If you have a fairly large company, you have management, route, service, and warehouse and office personnel to help you with the day-to-day activities such as ordering product, counting and depositing the money and the filling and repairing of your equipment. This is not the case if your company is at a size where you have not yet hired your first employee.
In the meantime, it is up to you to take care of the everyday tasks to run your company. What happens if tomorrow, you become ill or suffer an injury, or maybe once every five years you want to take some time off?
Would you be able to recover from a major disaster such as a fire or tornado or hurricane?
Have you thought of all the potential negative events that could affect your company? Like updating your insurance policies, it is always better to have a plan before an unexpected event occurs rather than waiting until after the event. My personal preparation motto is, "If it can go wrong, it will."
Whether I am planning for a sales presentation or my family's financial well being, I always think of what could happen and determine my back up plan.
List all potential scenarios
A start is to create a detailed list of all potential scenarios you can think of which would be detrimental to your business and the possibility of their occurrence. This will allow you to create a plan to determine and minimize the potential impact to your company and to attempt to prevent it from occurring in the first place.
You may want to consider categorizing the events into three or more categories. For example, personal, environmental and outside factors. A personal event such as illness or injury, would prevent you from completing the day-to-day activities of your business. The catastrophic event would destroy the physical components of your company. Examples include fire or weather events such as a tornado, hurricane or flood.
The "outside factor event" would cause a need for a quick, emergency response. An example may be a food contamination event causing several hundred of your customers to become sick. The spinach industry comes to mind as an example.
Let's take a look at the first scenario. This situation is especially difficult if you are your sole employee. You are carrying soda up to the second floor lunchroom of one of your accounts when all of a sudden, you trip and fall down the steps, breaking your leg.
You will live, but you will be immobile for several weeks. Who will take over your daily activities and how will they know what to do?
List your regular activities
A first step is to create an outline of all of your daily, weekly and monthly tasks. This would include a daily route schedule, such as product ordering activities and money counting and deposit processes. Create a list of all of your key contacts, including company name, phone number and their responsibility. (Customer, product or equipment supplier, accountant, lawyer, etc.)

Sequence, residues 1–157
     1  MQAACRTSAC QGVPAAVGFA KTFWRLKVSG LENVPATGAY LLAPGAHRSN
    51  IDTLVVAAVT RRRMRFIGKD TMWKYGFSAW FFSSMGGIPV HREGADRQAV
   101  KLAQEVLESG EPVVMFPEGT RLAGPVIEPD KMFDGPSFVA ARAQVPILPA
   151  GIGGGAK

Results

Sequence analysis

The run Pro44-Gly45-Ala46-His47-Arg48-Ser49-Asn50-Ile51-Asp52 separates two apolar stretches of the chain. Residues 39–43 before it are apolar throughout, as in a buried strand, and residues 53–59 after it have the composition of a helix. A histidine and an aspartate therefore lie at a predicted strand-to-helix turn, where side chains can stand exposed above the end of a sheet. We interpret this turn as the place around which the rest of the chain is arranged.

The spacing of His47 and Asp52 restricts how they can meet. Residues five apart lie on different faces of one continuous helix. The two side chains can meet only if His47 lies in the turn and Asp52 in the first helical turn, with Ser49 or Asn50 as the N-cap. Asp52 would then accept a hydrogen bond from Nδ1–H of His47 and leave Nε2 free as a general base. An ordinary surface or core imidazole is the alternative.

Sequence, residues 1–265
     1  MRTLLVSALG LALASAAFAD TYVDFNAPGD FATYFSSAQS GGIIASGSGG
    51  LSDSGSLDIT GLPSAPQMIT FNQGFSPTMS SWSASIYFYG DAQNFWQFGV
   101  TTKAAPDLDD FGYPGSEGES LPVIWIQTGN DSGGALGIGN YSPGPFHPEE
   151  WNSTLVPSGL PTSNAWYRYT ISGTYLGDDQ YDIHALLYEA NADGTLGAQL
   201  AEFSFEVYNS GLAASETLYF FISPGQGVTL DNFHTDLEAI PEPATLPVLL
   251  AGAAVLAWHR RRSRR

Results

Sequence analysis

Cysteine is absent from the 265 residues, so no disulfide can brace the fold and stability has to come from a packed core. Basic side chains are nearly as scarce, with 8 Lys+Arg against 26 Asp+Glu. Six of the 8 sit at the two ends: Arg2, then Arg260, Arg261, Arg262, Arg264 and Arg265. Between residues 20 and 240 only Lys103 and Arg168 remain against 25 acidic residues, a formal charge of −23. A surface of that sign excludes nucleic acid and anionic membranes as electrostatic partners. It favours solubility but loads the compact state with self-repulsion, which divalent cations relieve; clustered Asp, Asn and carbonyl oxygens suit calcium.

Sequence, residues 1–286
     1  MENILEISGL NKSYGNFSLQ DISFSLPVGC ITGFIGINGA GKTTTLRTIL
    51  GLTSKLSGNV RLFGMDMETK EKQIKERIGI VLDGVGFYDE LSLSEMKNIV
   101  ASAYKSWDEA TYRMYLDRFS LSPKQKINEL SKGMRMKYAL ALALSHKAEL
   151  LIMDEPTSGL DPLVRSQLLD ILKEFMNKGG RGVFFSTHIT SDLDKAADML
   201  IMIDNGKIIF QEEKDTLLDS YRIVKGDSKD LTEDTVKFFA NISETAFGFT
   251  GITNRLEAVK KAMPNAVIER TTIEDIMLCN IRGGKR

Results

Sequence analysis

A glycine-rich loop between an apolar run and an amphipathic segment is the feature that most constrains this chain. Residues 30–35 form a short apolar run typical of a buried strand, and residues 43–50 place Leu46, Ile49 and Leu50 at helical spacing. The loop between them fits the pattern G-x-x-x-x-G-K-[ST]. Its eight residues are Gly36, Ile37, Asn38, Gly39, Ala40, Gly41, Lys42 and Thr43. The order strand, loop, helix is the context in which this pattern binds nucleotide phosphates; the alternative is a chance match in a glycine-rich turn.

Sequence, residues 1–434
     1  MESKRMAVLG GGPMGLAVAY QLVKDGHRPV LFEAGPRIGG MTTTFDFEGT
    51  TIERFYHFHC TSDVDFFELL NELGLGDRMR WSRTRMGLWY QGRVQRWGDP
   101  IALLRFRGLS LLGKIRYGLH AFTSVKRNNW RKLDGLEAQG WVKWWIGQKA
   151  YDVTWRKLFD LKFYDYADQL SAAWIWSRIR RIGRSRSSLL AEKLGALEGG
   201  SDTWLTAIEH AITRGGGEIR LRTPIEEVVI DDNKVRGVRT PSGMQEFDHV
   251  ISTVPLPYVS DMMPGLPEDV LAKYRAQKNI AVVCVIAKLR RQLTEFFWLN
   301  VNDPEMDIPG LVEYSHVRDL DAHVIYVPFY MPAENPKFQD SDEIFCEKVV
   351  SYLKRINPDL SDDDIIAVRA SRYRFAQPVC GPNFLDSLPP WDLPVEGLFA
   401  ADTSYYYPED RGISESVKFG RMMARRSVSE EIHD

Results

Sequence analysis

Determine who could take over your daily activities.
During my conversations with small operators, I have found that most rely on their relatives or close friends to handle the daily filling of the equipment and collection and deposit of the cash. The most difficult situation for most of these operators is service calls, as not everyone can repair a coffee or food machine.
This may go against the norm for some of you, but if you are a one-man operation, this may be a situation where you need to have good relations with a competitor in your city. Determine which of your competitors you feel you have or could establish a relationship with in which you would feel comfortable partnering with in case of an emergency to minimally handle service calls.
The competitor may be in your same situation in that they would need backup to handle the day-to-day activities in their company as well.
Consider talking with your equipment suppliers or one of your product suppliers who call on you and all of the other operators to get their opinion as to who could potentially help you in time of need.
Maybe someone who has recently retired from another vending company could help handle daily service calls, as they know the equipment. If this is out of the question, you may need to share your knowledge and activities with a relative or close personal friend outside of the industry.
Train your backup people on the skills of running your business and document the results, enabling you to take corrective action. Have your backup people ride with you on a route one day and then you ride with them the next day. Have them perform all of the daily activities for one day as you look over their shoulder.
Prepare for eventualities
A major personal event, which could occur at any time, unfortunately, is your death. Assume today is your last day. What would happen to your company? Would your family be financially secure? Would your spouse face the task of trying to sell the company without proper preparation?
Create a succession plan. If you do not have family members waiting to take over your business, consider who could be a potential buyer. Again, determine who would perform the day-to-day activities for, in this case, a potentially long period of time, until the company is sold.
A second scenario may be an environmental event such as a tornado, hurricane, earthquake, flood or fire. What would happen if such an event completely destroyed your building, your vehicles and all of the equipment and product inside your facility?